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Public Radio's Environmental News Magazine (follow us on Google News)

April 16, 1993

Air Date: April 16, 1993


Cement Factories Burn Hazardous Waste / Lorna Jordan

Lorna Jordan of member station WVXU reports on the growing national opposition to the practice of burning hazardous waste in cement kilns. Hazardous waste is used instead of coal to power more than a dozen cement factories nationwide. Opponents say it releases dangerous toxic compounds, including heavy metals, into the environment. (06:53)

Nature in the City: Redesigning the Granite Garden

Host Steve Curwood travels to West Philadelphia to visit with urban designer Anne Whiston Sprin and examine the consequences of ignoring natural systems in constructing our cities. Spirn says that burying rivers and paving over floodplains often contributes to urban decay. Her plan for more sustainable cities includes more vegetable gardens, parks and other open spaces in the urban floodplain. (09:40)

Making a Difference Contest Promo


Cover Up / Tom Harris

Commentator Tom Harris warns a family member and anyone else who will listen about the danger of the sun's ultraviolet rays in the age of ozone depletion. (02:47)

Show Credits and Funders

Show Transcript

HOST: Steve Curwood
REPORTERS: Henry Sessions, Dan Ferguson, Don Gonyea, Lorna Jordan
GUESTS: Anne Whiston Spirn

(Theme music intro)

CURWOOD: From National Public Radio, this is Living on Earth.

(Music up and under)

CURWOOD: I'm Steve Curwood.

Bringing nature into urban design: it's not just for beauty, it's also necessary for durability.

SPIRN: Nature is all around us. If we build unwisely, nature will come back to haunt us and remind us that nature is still here and operating very nicely, thank you very much.

CURWOOD: Landscape architect Anne Whiston Spirn redesigns the Granite Garden. Also we visit a cement factory, where hazardous waste is being used as fuel. Supporters call it "recycling". . . but opponents call it a dangerous deception.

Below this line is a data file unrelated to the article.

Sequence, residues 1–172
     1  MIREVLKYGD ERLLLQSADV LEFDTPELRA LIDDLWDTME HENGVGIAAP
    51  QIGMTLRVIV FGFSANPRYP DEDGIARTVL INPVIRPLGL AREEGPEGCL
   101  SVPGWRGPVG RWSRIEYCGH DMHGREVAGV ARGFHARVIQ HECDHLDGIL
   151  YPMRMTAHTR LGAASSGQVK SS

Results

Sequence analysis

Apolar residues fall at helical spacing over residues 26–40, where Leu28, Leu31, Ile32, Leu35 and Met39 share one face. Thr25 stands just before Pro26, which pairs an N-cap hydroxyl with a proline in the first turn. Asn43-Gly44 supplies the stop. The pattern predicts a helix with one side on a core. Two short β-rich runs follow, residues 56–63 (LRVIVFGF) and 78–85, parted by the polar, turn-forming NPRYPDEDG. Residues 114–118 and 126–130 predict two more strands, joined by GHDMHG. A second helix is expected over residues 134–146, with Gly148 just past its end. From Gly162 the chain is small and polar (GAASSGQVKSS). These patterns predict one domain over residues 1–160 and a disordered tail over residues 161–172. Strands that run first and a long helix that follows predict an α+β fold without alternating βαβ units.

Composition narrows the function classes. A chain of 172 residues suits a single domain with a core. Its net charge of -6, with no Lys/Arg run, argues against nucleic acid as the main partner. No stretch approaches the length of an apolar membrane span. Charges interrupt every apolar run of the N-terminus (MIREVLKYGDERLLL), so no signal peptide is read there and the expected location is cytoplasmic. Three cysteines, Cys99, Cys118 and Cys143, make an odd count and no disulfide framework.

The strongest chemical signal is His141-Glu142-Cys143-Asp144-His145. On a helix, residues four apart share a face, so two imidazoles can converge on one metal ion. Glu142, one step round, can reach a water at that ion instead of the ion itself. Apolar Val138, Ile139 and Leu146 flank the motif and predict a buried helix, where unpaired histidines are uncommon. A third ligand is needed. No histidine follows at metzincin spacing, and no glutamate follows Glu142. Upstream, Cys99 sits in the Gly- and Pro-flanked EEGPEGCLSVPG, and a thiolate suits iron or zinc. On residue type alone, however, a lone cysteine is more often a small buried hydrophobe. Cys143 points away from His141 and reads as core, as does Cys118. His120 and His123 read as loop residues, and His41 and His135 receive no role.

KLEPPINGER: That is not recycling. If I take heavy metals and I blow 'em into the environment, that is not recycling. And the heavy metal levels that are going into the environment from cement production are fairly significant.

CURWOOD: This week on Living On Earth, coming up right after the news.

Environmental News

NUNLEY: I'm Jan Nunley with this week's environmental news.

The Federal Government has reached an accord with loggers over an endangered woodpecker in the Southeastern US, but more confrontation could be brewing in the Northwest. A long-awaited report by the US Fish and Wildlife Service could call for thousands more acres of Pacific forest land to be put off limits to loggers, to protect an endangered seabird, called the "marbled murrelet". Henry Sessions of KOPB reports.

SESSIONS: The coastal mountains where the murrelet lives contain some of the most heavily logged areas in the Northwest. That's led some in the timber industry to worry that government scientists will call for sharp cutbacks in logging to protect the old-growth trees that are the murrelets' preferred habitat. But a spokesman for the US Fish and Wildlife Service says his agency will simply advise the Forest Service on ways it can protect the bird. The Fish and Wildlife report had been due out on March 15th, before President Clinton's April 2nd Forest Conference in Portland. Federal officials say the report was delayed for scientific reasons, not because it might have disrupted the conference. Major set-asides for the bird could further squeeze the region's log-starved sawmills, and prompt the President to speed up his efforts to help the ailing timber industry. For Living on Earth, this is Henry Sessions in Portland, Oregon.

NUNLEY: In a parallel dispute to US forest battles, British Columbia has decided to open two-thirds of North America's largest untouched rainforest to logging. Provincial officials call the decision a compromise. But as Dan Ferguson reports, it may turn the area known as Clayoquot Sound, on Vancouver Island, into a battleground.

FERGUSON: The provincial government of British Columbia has been wrestling with the fate of Clayoquot Sound for over a year -- a year of increasingly violent demonstrations by logging opponents, and increasingly angry rhetoric by the forest companies that want the trees. Now provincial premier Mike Harcourt has announced that two-thirds of Clayoquot Sound will be open to limited logging; the rest, about 200,000 acres, will be preserved.

HARCOURT: This decision will create one of the largest areas of protected old-growth forest on the West Coast of North America.

FERGUSON: But the news still has outraged environmentalists, who wanted a total ban on logging. They are promising a summer of protests and blockades to keep the forest companies from the trees. Timber companies warn that without the lumber from Clayoquot Sound, there will be widespread layoffs. For Living on Earth, this is Dan Ferguson in Vancouver.